At her first Congress as UNISON’s general secretary, Christina McAnea led on a wide ranging composite calling for a sustainable economic recovery from Covid through investment in public services, communications and the foundational economy.
Congress supported the principles of community wealth building and aligning resources to ensure that local authorities and public sector partners are well equipped to transform and democratise their local economies and tackle inequality.
Christina slammed the Higgins review with its business focus, which underpins the Scottish Government’s recovery plans. “The fact is we need large scale economic intervention by government now – both national and local – to reverse the damage and reshape our economy so that it works for everyone,” said Christina.
“The past year has shown us who really are the essential workers. Of course it’s the transport workers, delivery drivers and shop workers And it’s the people who’ve looked after our elderly relatives , cared for the sick and dying in hospitals, the workers that deliver our housing, our education and social care.
“It’s also the people who’ve emptied our bins and buried our dead, our transport, water and energy workers and those who look after our green spaces and preserve our heritage and culture.”
Echoing STUC president, Mary Senior, Christina reminded delegates that we recovered from the depression of the 1930s and the devastation of the last war by investing in the foundational economy and bringing it into public ownership. That boosted the economy and helped build a better society.
“We need that vision again. We need a public service led recovery.
“Unfortunately, the Scottish Government’s recovery plan ignores the role of public services in creating employment and economic growth. It also ignores the potential for public ownership to drive green industrial development,” warned Christina.
“That’s a big mistake, because we all know if you give our members a pay increase they don’t go and spend it by increasing their stocks and shares portfolio – they spend in local shops and services they buy shoes for their children, go to the local café or bar and buy food in the local supermarket.
“Investment in public services will create more jobs more quickly.”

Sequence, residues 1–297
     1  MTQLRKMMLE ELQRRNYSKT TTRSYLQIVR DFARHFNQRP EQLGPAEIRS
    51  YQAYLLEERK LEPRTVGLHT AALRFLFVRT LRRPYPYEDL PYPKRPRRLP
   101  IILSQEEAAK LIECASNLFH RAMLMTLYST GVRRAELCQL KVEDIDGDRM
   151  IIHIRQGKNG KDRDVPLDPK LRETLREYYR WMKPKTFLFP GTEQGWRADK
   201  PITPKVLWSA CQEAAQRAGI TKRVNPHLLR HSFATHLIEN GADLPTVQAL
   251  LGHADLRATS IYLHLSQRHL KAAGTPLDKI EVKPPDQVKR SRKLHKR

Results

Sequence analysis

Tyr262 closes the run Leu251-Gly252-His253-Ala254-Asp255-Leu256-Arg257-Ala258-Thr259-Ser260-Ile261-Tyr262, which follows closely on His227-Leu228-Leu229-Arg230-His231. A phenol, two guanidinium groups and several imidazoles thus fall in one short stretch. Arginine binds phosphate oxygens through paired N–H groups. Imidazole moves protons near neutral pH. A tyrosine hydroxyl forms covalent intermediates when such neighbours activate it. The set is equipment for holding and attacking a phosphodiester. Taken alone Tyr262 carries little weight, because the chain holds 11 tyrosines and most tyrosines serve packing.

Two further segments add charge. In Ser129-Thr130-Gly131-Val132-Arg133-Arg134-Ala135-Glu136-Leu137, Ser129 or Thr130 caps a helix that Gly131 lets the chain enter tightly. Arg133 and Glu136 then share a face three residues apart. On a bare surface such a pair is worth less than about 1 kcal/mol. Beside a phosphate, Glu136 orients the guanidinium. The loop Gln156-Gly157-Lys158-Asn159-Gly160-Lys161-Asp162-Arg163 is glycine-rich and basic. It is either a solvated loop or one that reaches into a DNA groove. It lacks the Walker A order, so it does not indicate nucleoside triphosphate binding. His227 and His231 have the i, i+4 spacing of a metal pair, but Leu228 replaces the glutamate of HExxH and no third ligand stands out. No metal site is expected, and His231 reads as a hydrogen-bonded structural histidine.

Christina highlighted that women have been hit hardest by this pandemic and a public service led recovery would put women’s employment at its heart.
“This pandemic has clearly shown the true value of some things. Investing in care service not only creates jobs but it’s time we stopped thinking of care and other important services as a drain on the country’s finances and think of them as what they are – an essential part of our infrastructure.
“The Scottish Government says it is committed to a wellbeing economy, a green economy, an economy that doesn’t leave anyone behind. Well our public sector has to be central in delivering this.
Christina added that only through public direction and intervention can we deliver a just transition to the decarbonised future we all want to leave for our children and strong and well-resourced local authorities have an important part to play.
“UNISON believes a community wealth building approach, led by councils, is vital for local economies and for creating fair work.”
She called on the Scottish Government to ensure that where large scale public investment is made, like the 5 billion pounds being spent on City and Regional Growth Deals, that this investment is equality proofed to meet not the tests of inclusiveness, decarbonisation, and community benefit. Public procurement must also be linked to fair pay and trade union recognition.
“I’m sure as trade unionists we all have vision of what we want the world to look like after this pandemic. Millions have died across the world, thousands in Scotland, many of them our members, so it’s not unreasonable for us, the representatives of working people, to want to have a say in what our country and our society looks like as we rebuild.
“Asking for a fairer more just society and to harness the infrastructure to make that happen is not an outrageous demand,” said Christina, calling on the Scottish Government to ensure that there is workforce voice – a trade union voice at all levels of the economic decision-making.